The Digital Transformation Agency has rejected claims Australia’s new digital identity platform will use blockchain technology to share an individual’s identity across government.
Convenor of the ‘Parliamentary Friends of Blockchain’ group Senator Jane Hume made the assertion in an opinion piece published in the Australian Financial Review on Monday.
She said that a “core component of the Govpass system will be blockchain technology”, though this has now been removed from the online version of the article.
There was also a claim – which has similarly been removed – that “all arms of government will be able to ... access and update a single identity database shared by all”.
But the DTA have repudiated the comments from the sole remaining lead of the bi-partisan group, which was launched by Hume and foryepmer Labor Senator Sam Dastyari in August 2017 to champion the use of the technology within government and the private sector.
A spokesperson told iTnews that blockchain technology was not being used for the agency’s Govpass platform, which is based on a decentralised identity model.
That model will eventually allow citizens to choose their identity provider, which could be either the Australian Taxation Office through its myGovID digital identity credential, a bank or state government.
It uses existing government services, including the document verification service (DVS) and face verification service (FVS), to verify information before discarding it, avoiding the creation of a single centralised database.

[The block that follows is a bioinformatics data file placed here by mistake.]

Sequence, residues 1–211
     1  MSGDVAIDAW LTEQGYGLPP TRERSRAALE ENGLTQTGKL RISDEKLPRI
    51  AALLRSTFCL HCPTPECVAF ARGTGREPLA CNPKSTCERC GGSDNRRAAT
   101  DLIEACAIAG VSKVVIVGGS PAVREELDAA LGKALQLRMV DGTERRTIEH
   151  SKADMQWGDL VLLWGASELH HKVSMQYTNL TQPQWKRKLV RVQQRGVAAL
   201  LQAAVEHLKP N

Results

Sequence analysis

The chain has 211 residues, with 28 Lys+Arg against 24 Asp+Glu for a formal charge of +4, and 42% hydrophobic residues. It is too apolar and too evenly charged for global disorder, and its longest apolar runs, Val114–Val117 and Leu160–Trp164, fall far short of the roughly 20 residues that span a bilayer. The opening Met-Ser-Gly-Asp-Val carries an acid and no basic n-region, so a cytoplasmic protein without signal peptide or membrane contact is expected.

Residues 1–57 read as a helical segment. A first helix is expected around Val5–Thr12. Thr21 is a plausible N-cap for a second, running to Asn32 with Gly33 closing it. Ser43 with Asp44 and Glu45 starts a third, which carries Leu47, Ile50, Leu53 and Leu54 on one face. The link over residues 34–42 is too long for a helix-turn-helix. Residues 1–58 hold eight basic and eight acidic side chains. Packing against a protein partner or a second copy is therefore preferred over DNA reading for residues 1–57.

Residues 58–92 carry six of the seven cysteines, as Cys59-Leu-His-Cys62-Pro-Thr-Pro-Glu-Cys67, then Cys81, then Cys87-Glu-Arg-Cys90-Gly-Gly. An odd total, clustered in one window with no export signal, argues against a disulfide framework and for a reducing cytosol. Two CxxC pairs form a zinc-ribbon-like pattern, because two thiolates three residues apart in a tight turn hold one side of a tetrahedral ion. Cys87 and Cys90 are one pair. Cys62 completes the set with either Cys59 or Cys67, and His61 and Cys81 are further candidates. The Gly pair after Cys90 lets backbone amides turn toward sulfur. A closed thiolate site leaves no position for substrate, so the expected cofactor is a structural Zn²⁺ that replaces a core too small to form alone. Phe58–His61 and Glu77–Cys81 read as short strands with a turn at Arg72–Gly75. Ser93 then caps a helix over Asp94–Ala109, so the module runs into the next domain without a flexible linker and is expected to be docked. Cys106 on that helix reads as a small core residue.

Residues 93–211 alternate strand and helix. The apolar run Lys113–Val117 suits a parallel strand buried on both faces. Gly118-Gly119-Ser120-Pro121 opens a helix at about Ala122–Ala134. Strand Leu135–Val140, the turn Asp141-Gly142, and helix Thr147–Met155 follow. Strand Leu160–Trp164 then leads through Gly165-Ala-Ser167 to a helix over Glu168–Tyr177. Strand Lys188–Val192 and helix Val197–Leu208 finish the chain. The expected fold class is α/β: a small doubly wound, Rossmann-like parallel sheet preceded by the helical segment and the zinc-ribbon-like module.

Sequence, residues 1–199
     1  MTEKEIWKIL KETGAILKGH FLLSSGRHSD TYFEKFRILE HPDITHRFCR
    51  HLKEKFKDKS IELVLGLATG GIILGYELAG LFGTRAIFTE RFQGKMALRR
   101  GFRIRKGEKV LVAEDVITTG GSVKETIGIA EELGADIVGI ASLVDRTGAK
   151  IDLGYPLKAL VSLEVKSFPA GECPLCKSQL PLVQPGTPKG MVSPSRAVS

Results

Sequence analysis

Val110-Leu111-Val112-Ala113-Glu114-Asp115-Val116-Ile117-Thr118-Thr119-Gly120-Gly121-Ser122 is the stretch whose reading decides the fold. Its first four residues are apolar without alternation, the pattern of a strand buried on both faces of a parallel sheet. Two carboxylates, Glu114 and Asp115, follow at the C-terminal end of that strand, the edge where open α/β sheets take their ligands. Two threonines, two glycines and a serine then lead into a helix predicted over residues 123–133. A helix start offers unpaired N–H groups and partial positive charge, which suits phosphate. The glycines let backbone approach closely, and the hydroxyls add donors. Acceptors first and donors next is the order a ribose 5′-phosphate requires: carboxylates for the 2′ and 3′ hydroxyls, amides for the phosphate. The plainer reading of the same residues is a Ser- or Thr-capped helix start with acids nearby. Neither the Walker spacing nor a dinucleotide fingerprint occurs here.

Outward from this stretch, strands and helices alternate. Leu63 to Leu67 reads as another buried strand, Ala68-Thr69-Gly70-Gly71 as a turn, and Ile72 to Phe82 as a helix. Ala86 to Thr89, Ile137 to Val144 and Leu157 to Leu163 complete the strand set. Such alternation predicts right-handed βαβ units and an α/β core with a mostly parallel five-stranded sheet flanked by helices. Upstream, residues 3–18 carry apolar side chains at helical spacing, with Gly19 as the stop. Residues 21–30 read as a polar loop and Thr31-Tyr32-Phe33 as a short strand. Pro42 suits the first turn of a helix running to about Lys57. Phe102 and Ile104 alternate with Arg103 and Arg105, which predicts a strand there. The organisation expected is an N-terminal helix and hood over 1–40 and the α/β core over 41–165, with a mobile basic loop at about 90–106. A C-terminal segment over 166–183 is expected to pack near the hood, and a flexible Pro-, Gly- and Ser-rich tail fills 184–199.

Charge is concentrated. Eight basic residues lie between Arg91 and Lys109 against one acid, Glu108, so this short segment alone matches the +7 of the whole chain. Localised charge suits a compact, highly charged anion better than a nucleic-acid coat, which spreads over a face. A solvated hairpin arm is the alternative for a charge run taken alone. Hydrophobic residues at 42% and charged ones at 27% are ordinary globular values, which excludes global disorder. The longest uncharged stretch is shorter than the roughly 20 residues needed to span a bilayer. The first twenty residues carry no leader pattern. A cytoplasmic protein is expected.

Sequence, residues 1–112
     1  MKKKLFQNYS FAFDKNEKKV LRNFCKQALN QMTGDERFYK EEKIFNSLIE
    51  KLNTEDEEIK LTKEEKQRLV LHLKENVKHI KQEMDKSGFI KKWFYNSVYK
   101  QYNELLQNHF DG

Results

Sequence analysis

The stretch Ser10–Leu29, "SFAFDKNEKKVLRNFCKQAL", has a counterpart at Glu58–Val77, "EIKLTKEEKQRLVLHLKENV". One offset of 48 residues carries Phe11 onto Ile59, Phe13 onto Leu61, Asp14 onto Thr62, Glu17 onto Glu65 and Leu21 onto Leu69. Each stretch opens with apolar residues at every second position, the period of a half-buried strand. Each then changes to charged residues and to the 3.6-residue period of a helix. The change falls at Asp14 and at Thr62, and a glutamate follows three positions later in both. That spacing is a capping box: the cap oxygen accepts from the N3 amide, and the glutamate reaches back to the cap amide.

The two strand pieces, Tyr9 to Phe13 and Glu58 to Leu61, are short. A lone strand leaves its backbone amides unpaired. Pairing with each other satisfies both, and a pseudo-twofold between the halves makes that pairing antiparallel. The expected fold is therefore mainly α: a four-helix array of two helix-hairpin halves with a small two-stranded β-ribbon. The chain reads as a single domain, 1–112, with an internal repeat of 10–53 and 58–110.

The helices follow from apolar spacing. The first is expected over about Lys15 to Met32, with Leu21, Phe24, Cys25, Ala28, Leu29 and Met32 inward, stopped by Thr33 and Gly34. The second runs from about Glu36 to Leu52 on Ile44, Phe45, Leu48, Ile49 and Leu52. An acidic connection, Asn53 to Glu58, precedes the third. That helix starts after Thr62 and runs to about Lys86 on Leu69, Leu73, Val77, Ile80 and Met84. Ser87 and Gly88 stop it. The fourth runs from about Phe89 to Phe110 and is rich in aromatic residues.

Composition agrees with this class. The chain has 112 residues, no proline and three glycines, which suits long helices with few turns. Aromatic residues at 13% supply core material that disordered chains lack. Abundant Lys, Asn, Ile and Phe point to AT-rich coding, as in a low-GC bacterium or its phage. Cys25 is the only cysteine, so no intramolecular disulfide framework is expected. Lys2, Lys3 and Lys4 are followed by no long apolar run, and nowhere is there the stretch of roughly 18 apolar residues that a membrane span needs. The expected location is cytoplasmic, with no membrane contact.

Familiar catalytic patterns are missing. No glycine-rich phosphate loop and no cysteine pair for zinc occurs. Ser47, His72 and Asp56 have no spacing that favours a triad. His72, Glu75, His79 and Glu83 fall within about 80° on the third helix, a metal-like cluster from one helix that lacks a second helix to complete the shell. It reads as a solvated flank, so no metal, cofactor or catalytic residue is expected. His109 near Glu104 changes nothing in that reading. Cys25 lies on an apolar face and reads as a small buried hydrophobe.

While the makeup of the Govpass platform is not well publicised, the myGovID digital identity solution component of GovPass uses liveness detection software from digital security firm Idemia to prevent the creation of fraudulent identities.
The platform’s other component – the identity exchange, which has been built by the DTA to verify an individual’s credentials without revealing their identity to service providers – has been written in Golang and utilises the OpenID Connect identity layer and SAML data format to exchange the verification data.
Both platforms have been built internally by the DTA, with assistance from the Australian Taxation Office and the Department of Human Services.
The DTA has, however, been investigating the potential applications of blockchain technology elsewhere in government since being directed to do so by former Prime Minister Malcolm Turnbull.
It received $700,000 in this year’s federal budget to understand how blockchain could work for government and whether there was a value proposition.
Welfare payments were the initial target of the investigation, though this has spread to work with the Commonwealth Bank and Data61 around the use of blockchain-based programmable money for National Disability Insurance Scheme payments.
However the DTA recently cast doubt on the use for blockchain for government applications.